Tag Archives: Disinfectant

Controlling Biofilm in Dry Environments

by Shira Kramer, PhD | Chief Executive Officer, Sterilex

It is now well established that bacteria, including foodborne pathogens, predominantly grow in biofilms, their natural habitat. Biofilms are comprised of dense, complex, multi-species populations of microorganisms that are irreversibly attached to a surface or to each other, and are embedded in a self-produced extracellular polymeric matrix. Within biofilms, bacteria of both the same and different species communicate and interact with each other, exchange genetic material, and are much more resistant to antimicrobials than they would be in a planktonic, or unattached state. Like humans and animals, microorganisms benefit from this community-based lifestyle for growth and survival. In food processing environments, biofilms represent a persistent source of product contamination and cross contamination through detachment or aerosolization of bacterial cells.

A wide range of food products are manufactured in low moisture environments, and these products are susceptible to contamination with biofilms and associated microorganisms. Although it may seem reasonable to assume that microorganisms and biofilms require some moisture for survival, they can, in fact, survive in a desiccated state. Once in this dried state, metabolism is reduced, and the cells and spores persist longer (months to years), and are more difficult to eradicate, than in a high moisture environment. Upon rehydration of low moisture foods or ingredients, conditions are favorable for the growth of the previously dormant microorganisms. The recent outbreaks of STEC 0121 and STEC 026, linked to flour in the US [1], and contamination of dry infant formula with Bacillus cereus and Cronobacter species[2] underscore the risks associated with biofilms in dry or low-moisture processing.

Studies have shown that dry surface biofilms are less susceptible to killing by heat treatment and high hydrostatic pressure than hydrated biofilms[3,4]. Typical cleaning and sanitizing methods, which are wet procedures, are not applicable in these low humidity, dry environments. Thus, steps should be taken to control biofilms and microbiological contamination in ingredients before the dry manufacturing process, which should include proper disinfection and sanitization of environmental surfaces and equipment associated with ingredient manufacturing. Various dry methods for cleaning, sanitizing, and disinfecting do exist, including dry powdered products, quick-drying sanitizers, and physical methods. Another important element in risk management is verification and environmental monitoring, including monitoring for biofilms.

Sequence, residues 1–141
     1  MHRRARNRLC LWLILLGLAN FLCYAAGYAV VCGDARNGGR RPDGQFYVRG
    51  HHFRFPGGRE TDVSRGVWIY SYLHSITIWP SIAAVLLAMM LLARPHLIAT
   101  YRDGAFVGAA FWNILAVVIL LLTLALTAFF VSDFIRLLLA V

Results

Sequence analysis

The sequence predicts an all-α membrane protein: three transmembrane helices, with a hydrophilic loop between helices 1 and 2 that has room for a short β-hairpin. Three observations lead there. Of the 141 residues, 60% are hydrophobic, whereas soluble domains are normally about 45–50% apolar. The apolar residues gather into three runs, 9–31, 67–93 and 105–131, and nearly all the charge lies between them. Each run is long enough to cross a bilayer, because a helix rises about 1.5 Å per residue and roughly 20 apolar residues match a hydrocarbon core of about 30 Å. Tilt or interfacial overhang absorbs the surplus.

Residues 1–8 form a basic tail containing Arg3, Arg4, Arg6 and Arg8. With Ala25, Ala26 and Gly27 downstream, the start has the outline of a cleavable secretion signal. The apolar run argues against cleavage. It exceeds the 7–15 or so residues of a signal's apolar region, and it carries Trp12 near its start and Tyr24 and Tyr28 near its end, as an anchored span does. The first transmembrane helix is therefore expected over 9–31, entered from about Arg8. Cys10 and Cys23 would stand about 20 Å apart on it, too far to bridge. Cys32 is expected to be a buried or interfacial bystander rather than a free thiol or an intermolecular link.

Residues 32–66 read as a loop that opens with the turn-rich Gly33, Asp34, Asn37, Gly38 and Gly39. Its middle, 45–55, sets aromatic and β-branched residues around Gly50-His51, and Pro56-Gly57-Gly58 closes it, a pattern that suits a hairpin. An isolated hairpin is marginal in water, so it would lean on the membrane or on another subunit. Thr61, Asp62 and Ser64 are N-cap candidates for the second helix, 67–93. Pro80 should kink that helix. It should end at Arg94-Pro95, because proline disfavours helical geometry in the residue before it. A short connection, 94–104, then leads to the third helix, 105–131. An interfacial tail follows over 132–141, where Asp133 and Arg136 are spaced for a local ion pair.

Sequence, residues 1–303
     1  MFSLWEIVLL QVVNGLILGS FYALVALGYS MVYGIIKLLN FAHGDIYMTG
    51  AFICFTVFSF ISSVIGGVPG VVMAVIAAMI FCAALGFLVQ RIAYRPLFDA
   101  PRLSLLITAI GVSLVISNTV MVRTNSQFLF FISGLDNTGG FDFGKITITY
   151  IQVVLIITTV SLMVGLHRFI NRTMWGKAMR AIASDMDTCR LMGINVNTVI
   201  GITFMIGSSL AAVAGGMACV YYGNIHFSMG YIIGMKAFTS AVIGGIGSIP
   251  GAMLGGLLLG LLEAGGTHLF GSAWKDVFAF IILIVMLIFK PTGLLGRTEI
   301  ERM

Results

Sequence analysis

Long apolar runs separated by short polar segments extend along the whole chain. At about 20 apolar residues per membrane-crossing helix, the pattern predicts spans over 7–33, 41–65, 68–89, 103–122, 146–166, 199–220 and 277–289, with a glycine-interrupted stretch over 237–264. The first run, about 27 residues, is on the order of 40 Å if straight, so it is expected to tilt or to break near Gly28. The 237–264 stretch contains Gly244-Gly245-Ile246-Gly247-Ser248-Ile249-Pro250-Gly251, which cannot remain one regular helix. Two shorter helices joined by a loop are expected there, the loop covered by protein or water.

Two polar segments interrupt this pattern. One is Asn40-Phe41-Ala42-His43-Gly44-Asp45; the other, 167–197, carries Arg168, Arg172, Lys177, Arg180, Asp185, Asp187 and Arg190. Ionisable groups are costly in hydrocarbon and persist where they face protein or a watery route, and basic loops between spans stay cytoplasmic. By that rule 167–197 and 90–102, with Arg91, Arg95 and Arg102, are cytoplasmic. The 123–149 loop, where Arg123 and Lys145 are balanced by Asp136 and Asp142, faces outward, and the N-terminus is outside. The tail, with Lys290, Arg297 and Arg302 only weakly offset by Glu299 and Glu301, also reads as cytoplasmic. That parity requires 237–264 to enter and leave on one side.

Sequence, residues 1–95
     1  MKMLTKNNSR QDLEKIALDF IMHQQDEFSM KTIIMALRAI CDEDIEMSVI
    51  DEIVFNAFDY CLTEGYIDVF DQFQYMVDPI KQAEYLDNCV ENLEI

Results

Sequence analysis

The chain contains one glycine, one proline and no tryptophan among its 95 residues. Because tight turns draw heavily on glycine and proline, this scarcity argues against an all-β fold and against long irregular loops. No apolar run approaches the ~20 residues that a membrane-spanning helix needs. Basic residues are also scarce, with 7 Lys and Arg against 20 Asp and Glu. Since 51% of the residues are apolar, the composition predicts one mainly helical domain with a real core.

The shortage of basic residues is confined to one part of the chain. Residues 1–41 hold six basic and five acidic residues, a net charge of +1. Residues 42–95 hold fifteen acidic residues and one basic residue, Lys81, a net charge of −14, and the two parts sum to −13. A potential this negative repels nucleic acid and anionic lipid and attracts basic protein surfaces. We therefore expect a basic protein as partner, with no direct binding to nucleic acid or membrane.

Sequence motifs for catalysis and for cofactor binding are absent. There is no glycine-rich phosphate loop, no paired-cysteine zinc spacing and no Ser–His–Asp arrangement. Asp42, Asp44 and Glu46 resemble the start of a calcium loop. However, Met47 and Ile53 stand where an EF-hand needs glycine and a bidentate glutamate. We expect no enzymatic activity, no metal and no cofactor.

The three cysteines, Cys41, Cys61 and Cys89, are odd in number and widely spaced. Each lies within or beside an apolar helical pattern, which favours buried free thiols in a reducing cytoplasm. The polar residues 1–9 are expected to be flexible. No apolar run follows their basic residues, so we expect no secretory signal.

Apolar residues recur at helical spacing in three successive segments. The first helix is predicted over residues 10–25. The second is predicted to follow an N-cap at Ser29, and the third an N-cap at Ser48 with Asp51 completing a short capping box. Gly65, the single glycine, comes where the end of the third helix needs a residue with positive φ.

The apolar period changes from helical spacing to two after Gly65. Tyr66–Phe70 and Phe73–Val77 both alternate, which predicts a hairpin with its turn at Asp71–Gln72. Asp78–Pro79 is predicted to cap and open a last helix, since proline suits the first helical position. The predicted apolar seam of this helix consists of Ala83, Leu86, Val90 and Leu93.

There is much emphasis and activity focused on the development of microbial and biofilm control technologies for dry processing environments. Sterilex offers a variety of products to help dry processing plants with their microbial control efforts. Among these are Sterilex Ultra Step, a dry floor sanitizer that helps minimize the spread of microorganisms. For periodic deep cleaning, Sterilex Ultra Disinfectant Cleaner Solution 1 and Sterilex Ultra Activator Solution provide dry processing plants with a mechanism to remove biofilm* and return plants to a microbial baseline.

*Biofilm label claims are approved for specific applications only. See product label for full label claims and usage instructions.

[1] Crowe SJ, Bottichio L, Shade LN, Whitney BM, Corral N, et al. Shiga Toxin- Producing E. Coli Infections Associated with Flour. N Engl J Med 2017; 377:2036-2043.

[2] Centers for Disease Control and Prevention, National Center for Emerging and Zoonotic Infectious Diseases, Division of Foodborne, Waterborne, and Environmental Diseases. Page Last Reviewed October 17, 2018.

[3] Beuchat L, Komitopoulou E, Betts R, Beckers H, Bourdichon F, Joosten H, Fanning S, ter Kuile B. Persistence and Survival of Pathogens in Dry Foods and Dry Food Processing Environments. Report of an ILSI Europe Expert Group. November, 2011.

[4] Almatroudi A., Tahir S, Hu H, Chowdhury D, Gosbell IB, Jensen SO, Vickery K. Staphylococcus aureus Dry-Surface Biofilms are More Resistant to Heat Treatment Than Traditional Hydrated Biofilms. J Hosp Inf 2018; 98(2): 161-167.

Poultry Biosecurity Improvements for AI Control

Stop Avian InfluenzaWe are well into the fall season, and after last week’s confirmation of H5N2 Low Pathogenic Avian Influenza in Minnesota now is a great time to assess and update your biosecurity program. Biosecurity is a series of management practices designed to prevent the introduction and spread of disease pathogens. Each piece of the program is important, and your defense against disease is only as strong as the weakest link.

Are you utilizing an effective entry-way pathogen control system at your Line of Separation? Foot pans containing an EPA registered disinfectant or sanitizer can be extremely effective if managed and monitored correctly. Are you able to verify the concentration of your chemical sanitizer or disinfectant? How frequently does it need to be replaced or replenished? Is it EPA registered and proven to kill the pathogens you are attempting to control? These are important considerations for ensuring each tool you use in your program is having the best impact possible for reducing cross-contamination and spread of disease.